**Unformatted text preview: **vectors associated with a simple eigenvalue λ ∈ σ (A) , then Y
P G = xy∗ /y∗ x (7.2.12) is the projector onto N (A − λI) along R (A − λI). In the context
of the spectral theorem (p. 517), this means that G is the spectral
projector associated with λ. O
C Proof. It’s not diﬃcult to prove y∗ x = 0 (Exercise 7.2.23), and it’s clear that
G is a projector because G2 = x(y∗ x)y∗ /(y∗ x)2 = G. Now determine R (G).
The image of any z is Gz = αx with α = y∗ z/y∗ x, so
R (G) ⊆ span {x} = N (A − λI) and dim R (G) = 1 = dim N (A − λI). Thus R (G) = N (A − λI). To ﬁnd N (G), recall N (G) = R (I − G) (see
(5.9.11), p. 386), and observe that y∗ (A − λI) = 0 =⇒ y∗ (I − G) = 0, so
⊥ ⊥ ⊥ R (A − λI) ⊆ R (I − G) = N (G) =⇒N (G) ⊆ R (A − λI) (Exercise 5.11.5).
But dim N (G) = n − dim R (G) = n − 1 = n − dim N (A − λI) = dim R (A − λI),
so N (G) = R (A − λI). Copyright c 2000 SIAM Buy online from SIAM
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7.2 Diagonalization by Similarity Transformations
http://www.amazon.com/exec/obidos/ASIN/0898714540 519 Example 7.2.7 Problem: Determine the spectral projectors for A = 1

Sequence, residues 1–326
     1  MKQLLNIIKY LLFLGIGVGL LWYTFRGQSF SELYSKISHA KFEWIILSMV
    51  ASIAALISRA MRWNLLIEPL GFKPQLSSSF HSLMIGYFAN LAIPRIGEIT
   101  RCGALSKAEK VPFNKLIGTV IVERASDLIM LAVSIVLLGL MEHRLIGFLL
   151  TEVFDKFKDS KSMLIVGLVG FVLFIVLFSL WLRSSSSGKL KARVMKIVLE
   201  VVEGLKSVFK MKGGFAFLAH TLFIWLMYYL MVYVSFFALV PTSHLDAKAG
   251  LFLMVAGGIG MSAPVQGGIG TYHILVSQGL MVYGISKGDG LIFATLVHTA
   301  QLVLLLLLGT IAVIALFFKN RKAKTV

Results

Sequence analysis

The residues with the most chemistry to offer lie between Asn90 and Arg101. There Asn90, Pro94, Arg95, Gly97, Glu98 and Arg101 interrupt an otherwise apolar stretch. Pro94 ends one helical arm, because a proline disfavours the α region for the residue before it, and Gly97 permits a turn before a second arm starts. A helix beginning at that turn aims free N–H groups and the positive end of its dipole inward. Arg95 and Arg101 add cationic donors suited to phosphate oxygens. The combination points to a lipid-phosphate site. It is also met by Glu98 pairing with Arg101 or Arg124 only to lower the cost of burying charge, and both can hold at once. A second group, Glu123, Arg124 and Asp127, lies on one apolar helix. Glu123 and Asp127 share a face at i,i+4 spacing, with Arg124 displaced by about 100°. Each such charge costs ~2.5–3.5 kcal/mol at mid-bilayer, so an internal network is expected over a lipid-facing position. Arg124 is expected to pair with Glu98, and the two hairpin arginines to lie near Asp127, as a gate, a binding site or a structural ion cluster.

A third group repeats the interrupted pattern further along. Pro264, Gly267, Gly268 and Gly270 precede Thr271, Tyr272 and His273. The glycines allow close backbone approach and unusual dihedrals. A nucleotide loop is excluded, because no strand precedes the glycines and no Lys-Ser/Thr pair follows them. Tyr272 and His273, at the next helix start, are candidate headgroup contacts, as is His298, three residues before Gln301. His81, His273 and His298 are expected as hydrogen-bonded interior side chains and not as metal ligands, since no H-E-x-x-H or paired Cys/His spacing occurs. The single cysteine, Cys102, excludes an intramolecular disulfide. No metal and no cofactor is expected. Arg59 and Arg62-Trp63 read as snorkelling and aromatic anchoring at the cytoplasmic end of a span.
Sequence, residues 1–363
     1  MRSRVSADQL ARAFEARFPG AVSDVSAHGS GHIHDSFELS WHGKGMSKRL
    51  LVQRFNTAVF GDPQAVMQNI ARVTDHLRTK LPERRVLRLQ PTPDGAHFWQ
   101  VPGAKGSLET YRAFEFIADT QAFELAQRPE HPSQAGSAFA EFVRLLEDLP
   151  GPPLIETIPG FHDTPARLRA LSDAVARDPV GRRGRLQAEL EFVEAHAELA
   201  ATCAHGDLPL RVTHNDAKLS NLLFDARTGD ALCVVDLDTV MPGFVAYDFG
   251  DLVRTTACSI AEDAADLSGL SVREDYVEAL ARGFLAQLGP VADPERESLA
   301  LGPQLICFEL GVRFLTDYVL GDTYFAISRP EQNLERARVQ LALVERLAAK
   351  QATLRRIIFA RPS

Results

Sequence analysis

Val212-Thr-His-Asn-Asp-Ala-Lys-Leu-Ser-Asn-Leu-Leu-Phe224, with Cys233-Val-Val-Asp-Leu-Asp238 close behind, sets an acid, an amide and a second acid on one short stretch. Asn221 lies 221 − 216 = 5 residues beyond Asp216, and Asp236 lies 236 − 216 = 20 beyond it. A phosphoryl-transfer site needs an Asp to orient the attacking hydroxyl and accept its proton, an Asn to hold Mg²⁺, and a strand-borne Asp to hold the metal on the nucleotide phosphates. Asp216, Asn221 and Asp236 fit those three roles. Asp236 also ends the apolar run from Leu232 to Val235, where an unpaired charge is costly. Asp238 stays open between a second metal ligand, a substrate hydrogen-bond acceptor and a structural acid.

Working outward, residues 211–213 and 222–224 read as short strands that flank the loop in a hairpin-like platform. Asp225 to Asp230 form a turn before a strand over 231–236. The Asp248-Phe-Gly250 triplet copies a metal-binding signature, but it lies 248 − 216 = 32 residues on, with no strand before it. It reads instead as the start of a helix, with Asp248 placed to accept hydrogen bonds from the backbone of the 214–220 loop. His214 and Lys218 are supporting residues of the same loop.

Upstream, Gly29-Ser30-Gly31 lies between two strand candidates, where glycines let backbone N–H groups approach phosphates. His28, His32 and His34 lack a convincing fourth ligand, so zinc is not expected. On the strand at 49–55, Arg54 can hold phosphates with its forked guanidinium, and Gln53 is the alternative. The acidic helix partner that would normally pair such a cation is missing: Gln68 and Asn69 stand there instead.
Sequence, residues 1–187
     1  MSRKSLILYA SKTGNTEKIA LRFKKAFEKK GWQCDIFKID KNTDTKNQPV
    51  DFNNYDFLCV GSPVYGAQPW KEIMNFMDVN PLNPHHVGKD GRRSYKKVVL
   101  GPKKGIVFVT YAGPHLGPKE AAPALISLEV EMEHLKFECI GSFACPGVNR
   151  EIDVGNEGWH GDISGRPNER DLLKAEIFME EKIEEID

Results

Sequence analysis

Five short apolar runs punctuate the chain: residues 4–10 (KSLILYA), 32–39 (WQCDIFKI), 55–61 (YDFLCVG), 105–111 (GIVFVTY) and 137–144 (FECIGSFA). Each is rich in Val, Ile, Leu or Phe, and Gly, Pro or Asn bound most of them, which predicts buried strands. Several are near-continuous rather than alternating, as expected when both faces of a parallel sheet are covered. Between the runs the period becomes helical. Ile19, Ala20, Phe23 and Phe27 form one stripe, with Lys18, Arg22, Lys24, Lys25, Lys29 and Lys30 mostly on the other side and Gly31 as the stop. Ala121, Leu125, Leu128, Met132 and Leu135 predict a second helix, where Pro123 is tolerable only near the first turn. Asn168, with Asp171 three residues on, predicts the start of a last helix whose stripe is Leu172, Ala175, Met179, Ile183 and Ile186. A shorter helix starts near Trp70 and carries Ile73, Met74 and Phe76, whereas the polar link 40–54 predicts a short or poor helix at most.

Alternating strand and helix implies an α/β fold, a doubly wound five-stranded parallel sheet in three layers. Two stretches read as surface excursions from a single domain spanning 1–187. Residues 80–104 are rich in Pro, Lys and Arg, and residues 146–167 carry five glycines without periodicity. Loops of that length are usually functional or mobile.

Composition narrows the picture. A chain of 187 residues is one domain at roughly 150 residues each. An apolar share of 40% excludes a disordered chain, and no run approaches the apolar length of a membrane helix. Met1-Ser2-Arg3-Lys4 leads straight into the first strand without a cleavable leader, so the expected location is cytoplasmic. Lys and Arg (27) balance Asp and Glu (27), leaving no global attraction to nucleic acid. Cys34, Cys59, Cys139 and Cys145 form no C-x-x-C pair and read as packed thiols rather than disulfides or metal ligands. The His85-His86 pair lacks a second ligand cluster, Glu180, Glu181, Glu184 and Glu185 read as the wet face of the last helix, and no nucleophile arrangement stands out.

8
−8 −4
−11
8 −4
−8
5 . It is illegal to print, duplicate, or distribute this material
Please report violations to [email protected] Solution: This is the diagonalizable matrix from Example 7.2.1 (p. 507). Since
there are two distinct eigenvalues, λ1 = 1 and λ2 = −3, there are two spectral
projectors,
G1 = the projector onto N (A − 1I) along R (A − 1I),
G2 = the projector onto N (A + 3I) along R (A + 3I). D
E There are several diﬀerent ways to ﬁnd these projectors.
1. Compute bases for the necessary nullspaces and ranges, and use (5.9.12).
T
2. Compute Gi = Xi Yi as described in (7.2.11). The required computations
are essentially the same as those needed above. Since much of the work has
already been done in Example 7.2.1, let’s complete the arithmetic. We have
⎛
⎛
⎞
⎞
1 −1 −1
T...

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